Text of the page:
What’s more (and this is a bit strange) if you look at the DAX queries that are generated by Power BI to get data from the cube, they now request a new column to get the format string for the measure even though that format string isn’t used. Since it increases the amount of data returned by the query much larger, this extra column can have a negative impact on query performance if you’re bringing back large amounts of data.
There is no way of avoiding this problem at the moment, unfortunately. If you need to display formatted values in Power BI you will have to create a calculated measure that returns the value of your original measure, set the format string property on that calculated measure appropriately, and use that calculated measure in your Power BI reports instead:
Click through for more details and a workaround.
Note how we’ve removed the private fields. Getting rid of the shared state automatically decoupled the three methods and made the workflow explicit. Without the shared state, the only way we can carry data around is by using the methods’ arguments and return values. And that is exactly what we did: all three members now explicitly state required inputs and possible outputs in their signatures.
This is the essence of functional programming. With honest method signatures, it’s extremely easy to reason about the code as we don’t need to keep in mind hidden relationships between its different parts. It’s also impossible to mess up with the invocation order. If we try, for example, to put the second line above the first one, the code simply wouldn’t compile:
This is one of many reasons why I’m fond of functional programming.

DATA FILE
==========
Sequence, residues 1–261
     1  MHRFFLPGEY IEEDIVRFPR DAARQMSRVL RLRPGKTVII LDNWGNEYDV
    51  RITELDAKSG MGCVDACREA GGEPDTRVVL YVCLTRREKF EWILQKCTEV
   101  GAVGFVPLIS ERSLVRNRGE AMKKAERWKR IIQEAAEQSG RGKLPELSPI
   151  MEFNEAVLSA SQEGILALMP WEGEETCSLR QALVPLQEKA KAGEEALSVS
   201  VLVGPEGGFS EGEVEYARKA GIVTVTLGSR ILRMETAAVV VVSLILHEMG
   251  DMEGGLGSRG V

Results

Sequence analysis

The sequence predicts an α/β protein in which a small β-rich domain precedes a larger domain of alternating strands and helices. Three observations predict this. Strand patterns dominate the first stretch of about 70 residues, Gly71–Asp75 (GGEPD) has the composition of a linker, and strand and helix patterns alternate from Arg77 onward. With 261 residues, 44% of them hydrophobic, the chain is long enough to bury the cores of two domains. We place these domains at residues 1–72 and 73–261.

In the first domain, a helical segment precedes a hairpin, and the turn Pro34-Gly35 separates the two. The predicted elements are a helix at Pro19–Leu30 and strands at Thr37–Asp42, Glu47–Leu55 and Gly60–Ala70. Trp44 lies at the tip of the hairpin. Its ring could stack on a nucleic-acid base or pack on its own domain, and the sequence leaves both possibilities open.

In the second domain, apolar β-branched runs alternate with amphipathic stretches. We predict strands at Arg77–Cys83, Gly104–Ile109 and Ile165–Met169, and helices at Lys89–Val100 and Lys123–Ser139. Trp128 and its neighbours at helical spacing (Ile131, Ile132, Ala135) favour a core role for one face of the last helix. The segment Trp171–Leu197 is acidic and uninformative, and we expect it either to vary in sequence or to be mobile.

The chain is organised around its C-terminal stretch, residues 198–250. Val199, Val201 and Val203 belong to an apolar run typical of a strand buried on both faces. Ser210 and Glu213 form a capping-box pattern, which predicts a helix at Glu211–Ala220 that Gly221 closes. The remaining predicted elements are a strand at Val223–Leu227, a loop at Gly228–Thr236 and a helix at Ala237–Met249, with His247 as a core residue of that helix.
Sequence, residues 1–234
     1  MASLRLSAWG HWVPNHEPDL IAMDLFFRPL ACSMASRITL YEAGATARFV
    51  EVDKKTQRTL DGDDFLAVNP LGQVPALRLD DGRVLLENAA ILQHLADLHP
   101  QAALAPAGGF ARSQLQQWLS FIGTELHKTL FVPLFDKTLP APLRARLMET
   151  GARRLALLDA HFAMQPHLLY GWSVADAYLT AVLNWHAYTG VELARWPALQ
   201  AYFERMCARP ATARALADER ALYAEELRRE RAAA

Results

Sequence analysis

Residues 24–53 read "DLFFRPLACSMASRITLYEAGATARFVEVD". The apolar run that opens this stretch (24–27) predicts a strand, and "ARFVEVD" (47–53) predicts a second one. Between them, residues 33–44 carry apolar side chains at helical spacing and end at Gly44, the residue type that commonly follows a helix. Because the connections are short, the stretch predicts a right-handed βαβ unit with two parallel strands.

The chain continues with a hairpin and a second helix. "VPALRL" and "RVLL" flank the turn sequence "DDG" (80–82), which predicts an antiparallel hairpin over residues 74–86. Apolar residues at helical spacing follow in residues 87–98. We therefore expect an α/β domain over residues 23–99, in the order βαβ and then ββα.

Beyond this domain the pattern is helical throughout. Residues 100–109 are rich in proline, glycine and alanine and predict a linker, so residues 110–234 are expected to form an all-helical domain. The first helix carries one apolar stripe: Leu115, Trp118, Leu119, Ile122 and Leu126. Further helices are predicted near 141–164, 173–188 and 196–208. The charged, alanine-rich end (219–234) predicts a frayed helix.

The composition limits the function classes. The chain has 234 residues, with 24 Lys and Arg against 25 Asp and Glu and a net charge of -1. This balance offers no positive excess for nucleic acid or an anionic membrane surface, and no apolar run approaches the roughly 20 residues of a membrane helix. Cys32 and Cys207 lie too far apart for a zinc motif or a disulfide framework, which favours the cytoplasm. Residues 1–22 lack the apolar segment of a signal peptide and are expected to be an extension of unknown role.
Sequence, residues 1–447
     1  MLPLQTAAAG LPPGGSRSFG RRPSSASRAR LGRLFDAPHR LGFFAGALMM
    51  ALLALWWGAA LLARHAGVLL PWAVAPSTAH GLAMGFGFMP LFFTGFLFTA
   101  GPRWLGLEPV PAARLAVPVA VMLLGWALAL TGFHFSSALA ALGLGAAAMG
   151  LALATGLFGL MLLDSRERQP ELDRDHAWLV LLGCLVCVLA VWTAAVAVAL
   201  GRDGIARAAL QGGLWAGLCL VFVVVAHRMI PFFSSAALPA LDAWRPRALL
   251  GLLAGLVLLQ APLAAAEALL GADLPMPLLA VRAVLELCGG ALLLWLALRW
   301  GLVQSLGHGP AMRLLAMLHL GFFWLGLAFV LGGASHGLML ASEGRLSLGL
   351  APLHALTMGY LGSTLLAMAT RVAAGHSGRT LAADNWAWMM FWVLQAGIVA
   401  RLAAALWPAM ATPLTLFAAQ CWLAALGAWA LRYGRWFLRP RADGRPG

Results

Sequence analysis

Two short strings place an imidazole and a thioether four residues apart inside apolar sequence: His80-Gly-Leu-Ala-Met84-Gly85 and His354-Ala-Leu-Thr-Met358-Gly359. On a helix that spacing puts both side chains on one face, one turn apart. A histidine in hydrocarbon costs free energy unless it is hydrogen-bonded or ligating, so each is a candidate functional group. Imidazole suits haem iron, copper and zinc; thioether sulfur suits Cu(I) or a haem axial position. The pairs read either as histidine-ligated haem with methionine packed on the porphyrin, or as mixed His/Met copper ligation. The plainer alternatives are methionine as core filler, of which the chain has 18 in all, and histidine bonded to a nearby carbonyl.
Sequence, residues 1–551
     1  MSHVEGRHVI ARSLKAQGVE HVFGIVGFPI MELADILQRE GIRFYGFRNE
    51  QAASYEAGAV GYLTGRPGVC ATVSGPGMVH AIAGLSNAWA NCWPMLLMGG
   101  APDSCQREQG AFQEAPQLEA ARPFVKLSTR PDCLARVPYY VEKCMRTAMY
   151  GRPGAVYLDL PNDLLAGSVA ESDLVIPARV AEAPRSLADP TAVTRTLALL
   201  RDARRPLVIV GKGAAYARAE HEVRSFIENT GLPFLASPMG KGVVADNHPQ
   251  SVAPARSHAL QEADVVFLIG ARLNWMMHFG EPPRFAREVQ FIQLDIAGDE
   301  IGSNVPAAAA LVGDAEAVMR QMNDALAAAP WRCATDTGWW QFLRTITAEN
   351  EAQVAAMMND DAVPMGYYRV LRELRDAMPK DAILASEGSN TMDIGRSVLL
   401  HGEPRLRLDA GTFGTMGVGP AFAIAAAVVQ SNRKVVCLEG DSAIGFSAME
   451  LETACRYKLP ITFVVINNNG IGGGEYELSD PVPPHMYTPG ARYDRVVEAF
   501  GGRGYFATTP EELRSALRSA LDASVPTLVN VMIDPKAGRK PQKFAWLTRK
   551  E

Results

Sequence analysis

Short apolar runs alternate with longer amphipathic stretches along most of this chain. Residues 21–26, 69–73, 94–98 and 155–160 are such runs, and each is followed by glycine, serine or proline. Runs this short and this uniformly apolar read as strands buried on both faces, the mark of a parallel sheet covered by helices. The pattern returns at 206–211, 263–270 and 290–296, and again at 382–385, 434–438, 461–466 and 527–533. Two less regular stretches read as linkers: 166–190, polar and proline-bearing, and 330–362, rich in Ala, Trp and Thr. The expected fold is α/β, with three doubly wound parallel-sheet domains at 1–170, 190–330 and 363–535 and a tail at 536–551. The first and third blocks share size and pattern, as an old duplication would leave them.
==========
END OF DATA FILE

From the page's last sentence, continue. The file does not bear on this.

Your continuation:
WHEN: Let’s say, we have made our design, constructed a model and obtained a good accuracy. However our model predicts (even with 95% accuracy) the customer who are going to churn in next day! That means our business department have to prevent (somehow, as explained before) those customers to churn in “one day”. Because next day, they will not be our customers. Taking an action to “3000” customers (let’s say) in one day only is impossible. So even our project predicts with very high accuracy, it will not be usefull. This approach also creates another problem: Consider that N months ago, a customer “A” was a happy customer and was working (providing us) with us (let’s say, it is a customer with %100 efficiency – happiness) and tomorrow it will be a customer who is not working with us (a customer with %100 efficiency – happiness). And we can predict the result today. So most probably, the customer has already got the idea to leave from our company in the last day. This is a deadend and we can not prevent the customer to churn at this point – because it is already too late.
So we need to have a certain time limit… Such that we need to be able to warn the business department “M months” before (customer churn) thus they can take action before the customers leave. Here comes another problem, what is the time limit… 2 months, 2.5 months, 3 months…? How do we determine the time, that we need to predict customers churn before (they leave)?
There’s a lot more to a good solution than “I ran a regression against a data set.”